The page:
'The Liverpool FC Family Tree' - the brilliant new official club publication - charts the rise of the Reds from 1892 through to the present day - and you can order your copy online now.
With a foreword from Kenny Dalglish and exclusive interviews and fascinating stories from years gone by, 'The Liverpool FC Family Tree' is a must-read for all true Reds.
To give you a taster of some of the fresh content inside the 258 pages, here's an excerpt from Jamie Carragher as he discusses his early days in the game.
THE FIRST STEPS TO CARRA'S GOAL
In 1988, Jamie Carragher had a moment of madness. The Everton-supporting youngster did the unthinkable and swapped Liverpool's centre of excellence for that of his boyhood heroes. It was an aberration that was to last just two weeks.
While no-one could doubt Carragher's commitment to the cause nowadays, at the time the lure of playing at Goodison Park turned his head.However, Everton proved to be a disappointment to him and the opportunity to see the likes John Barnes, Jan Molby and Kenny Dalglish every day inspired a change of heart.
"I couldn't believe it because Kenny Dalglish actually used to come and watch us train! I mean he was the Liverpool player-manager and he used to come and watch a bunch of kids train on a week night," says Carragher, with an air of disbelief that can still be heard in his voice today.
"I think it was because his son Paul used to train with us then too, but it was still great! He would come from Anfield in his suit and watch us train in a local gymnasium at seven or eight o'clock at night, which shows how dedicated he was to Liverpool Football Club at that time."
Carragher's path to becoming a Liverpool legend began as a six-year-old with his junior side Merton Villa, where he featured in a position that may shock those who have grown accustomed to his no-nonsense style of play.
"My first ever position playing football was right or left midfield because I was a lot younger than the other kids," he reveals. "I was probably six or seven playing Under-10s football for Villa so I think they tried to keep me out of the middle really, where it is a bit more physical."
The St James' Catholic Primary School pupil made an instant impression and his performances soon attracted the attention of Bootle Boys at the age of nine.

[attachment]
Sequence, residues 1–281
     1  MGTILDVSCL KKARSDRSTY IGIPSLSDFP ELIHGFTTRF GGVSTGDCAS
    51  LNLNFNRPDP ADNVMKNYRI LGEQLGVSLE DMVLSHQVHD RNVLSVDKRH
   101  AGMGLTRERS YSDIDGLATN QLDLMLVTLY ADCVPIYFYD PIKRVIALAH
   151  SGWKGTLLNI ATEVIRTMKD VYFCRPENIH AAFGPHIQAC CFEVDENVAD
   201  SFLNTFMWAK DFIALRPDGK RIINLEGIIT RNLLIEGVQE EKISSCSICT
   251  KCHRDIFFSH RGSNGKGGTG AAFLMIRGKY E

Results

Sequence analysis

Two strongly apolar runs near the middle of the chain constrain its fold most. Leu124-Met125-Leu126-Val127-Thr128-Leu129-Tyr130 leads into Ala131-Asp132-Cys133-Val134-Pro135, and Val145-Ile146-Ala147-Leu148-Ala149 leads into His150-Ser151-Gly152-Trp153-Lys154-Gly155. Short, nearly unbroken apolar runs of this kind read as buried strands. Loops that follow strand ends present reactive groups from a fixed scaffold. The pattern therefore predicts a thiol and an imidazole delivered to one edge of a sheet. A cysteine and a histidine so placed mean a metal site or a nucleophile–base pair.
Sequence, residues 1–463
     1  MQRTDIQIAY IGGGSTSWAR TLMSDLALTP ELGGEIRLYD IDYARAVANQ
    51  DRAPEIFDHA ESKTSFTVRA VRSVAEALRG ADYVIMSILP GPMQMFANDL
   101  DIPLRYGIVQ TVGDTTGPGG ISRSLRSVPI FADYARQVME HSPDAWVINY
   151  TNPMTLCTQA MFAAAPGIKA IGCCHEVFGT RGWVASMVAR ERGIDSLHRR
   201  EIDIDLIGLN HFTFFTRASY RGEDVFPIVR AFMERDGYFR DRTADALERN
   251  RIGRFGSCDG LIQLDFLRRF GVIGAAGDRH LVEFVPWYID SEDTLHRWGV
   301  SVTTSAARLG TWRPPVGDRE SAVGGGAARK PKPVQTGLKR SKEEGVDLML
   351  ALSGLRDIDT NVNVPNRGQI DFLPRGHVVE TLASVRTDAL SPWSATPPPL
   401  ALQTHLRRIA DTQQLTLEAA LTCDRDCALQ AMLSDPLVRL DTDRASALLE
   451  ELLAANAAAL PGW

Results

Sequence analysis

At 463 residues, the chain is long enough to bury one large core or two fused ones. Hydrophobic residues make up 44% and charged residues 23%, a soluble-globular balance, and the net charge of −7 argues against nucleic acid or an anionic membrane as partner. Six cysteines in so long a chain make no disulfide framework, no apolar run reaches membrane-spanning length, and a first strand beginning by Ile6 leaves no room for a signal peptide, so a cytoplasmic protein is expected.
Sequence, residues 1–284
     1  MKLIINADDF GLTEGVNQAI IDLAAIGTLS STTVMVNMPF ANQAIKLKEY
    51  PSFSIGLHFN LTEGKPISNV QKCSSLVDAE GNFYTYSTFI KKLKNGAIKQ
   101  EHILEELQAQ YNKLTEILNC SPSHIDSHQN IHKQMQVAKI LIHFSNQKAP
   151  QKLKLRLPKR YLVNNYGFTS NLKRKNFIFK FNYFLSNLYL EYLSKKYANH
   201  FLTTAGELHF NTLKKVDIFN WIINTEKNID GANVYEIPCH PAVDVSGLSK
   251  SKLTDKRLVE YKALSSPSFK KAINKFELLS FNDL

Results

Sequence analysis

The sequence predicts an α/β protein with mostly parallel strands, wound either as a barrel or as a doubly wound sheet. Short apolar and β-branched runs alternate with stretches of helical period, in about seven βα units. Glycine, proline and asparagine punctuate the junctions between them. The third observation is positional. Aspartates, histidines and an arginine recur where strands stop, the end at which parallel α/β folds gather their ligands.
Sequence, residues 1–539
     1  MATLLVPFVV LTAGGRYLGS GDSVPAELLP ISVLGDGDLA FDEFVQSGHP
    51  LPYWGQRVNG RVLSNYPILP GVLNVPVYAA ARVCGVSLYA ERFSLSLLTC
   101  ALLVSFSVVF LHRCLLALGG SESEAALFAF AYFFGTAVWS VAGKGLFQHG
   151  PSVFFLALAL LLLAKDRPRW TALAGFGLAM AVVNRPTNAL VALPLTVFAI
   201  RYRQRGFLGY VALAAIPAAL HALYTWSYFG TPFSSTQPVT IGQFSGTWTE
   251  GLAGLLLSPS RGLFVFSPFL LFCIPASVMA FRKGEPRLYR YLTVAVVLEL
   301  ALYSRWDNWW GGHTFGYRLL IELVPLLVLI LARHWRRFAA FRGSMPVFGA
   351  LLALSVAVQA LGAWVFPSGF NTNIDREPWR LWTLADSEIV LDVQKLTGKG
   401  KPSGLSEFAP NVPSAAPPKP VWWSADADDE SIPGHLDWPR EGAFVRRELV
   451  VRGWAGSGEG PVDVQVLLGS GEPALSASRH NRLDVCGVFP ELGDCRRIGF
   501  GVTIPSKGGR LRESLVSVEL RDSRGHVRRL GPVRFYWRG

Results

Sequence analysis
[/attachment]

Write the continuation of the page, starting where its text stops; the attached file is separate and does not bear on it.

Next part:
By this time he had converted into a centre-forward and in one season he even managed to fire an impressive tally of 38 goals! His passion for the game and ability with the football meant his coach at the time, Ian Chapman, had no doubt Carragher had the ability to make it in the game.
He said: "I used to call him Billy Whizz. He played with an infectious enthusiasm, wanting to take all the corners, throw-ins, free-kicks and do everything. He was the best player Bootle Boys have ever produced."
While many fans believe his first goal at Anfield came on his first start for Liverpool against Aston Villa in 1997, they may be surprised to see that it actually came years earlier during a regional youth cup final.
"I scored for Bootle Boys when I was about 10 or 11 at Anfield and it was at the Kop end as well," says Carragher fondly. "I cut in on my right foot and hit a shot that went right in the top corner, but the keepers were quite small then so it wasn't too difficult.
"I think we lost to Liverpool Boys 3-1. They always had the edge on us because they had about 300 other schools to pick from. We only had about 10 or 12 schools in Bootle so we did quite well, considering."
It was during his time with Bootle Boys that local scout Harry Hodges spotted him and recommended him to Liverpool.
"He picked up a few of us from Bootle Boys," he recalls. "I was about 12 at the time. He was the scout for the Liverpool area so he'd been watching Bootle Boys because the best players from all the schools in the area played for them. Four or five of us got invited to Liverpool and it went from there really."
Carragher's arrival at Liverpool did not prevent him from continuing to play for his local teams and during his final year at Savio High School, he had a trial with Sefton U14s.
But it was only a brief spell as his ability meant he was destined for greater things. The prospect of a career in football began to take shape when he was selected to go to the National School at Lilleshall.
TRIBUTE TO HARRY HODGES
In August 2006, the man who played a significant part in Jamie Carragher's road to stardom passed away.
Harry Hodges, who died at the age of 80, was the local scout who spotted Jamie when he was playing for Bootle Boys back in the late 1980s. While Carragher has since gone on to achieve success as one of Liverpool's brightest homegrown stars, he has never forgotten just what Hodges did for him.
"Well he passed away a while ago and I went around the house with some flowers for the family and it was a sad day," recalls Carragher.
"You know, I owe him a great deal and I still know his sons and his grandsons very well. It wasn't just me he spotted, I think he picked up Stephen Wright as well.
"He did a lot for Liverpool and obviously he was delighted with how I've done and I kept in touch with him for a long time. I was very disappointed to see him pass away but he always did a good job for the club - I'll remember him fondly."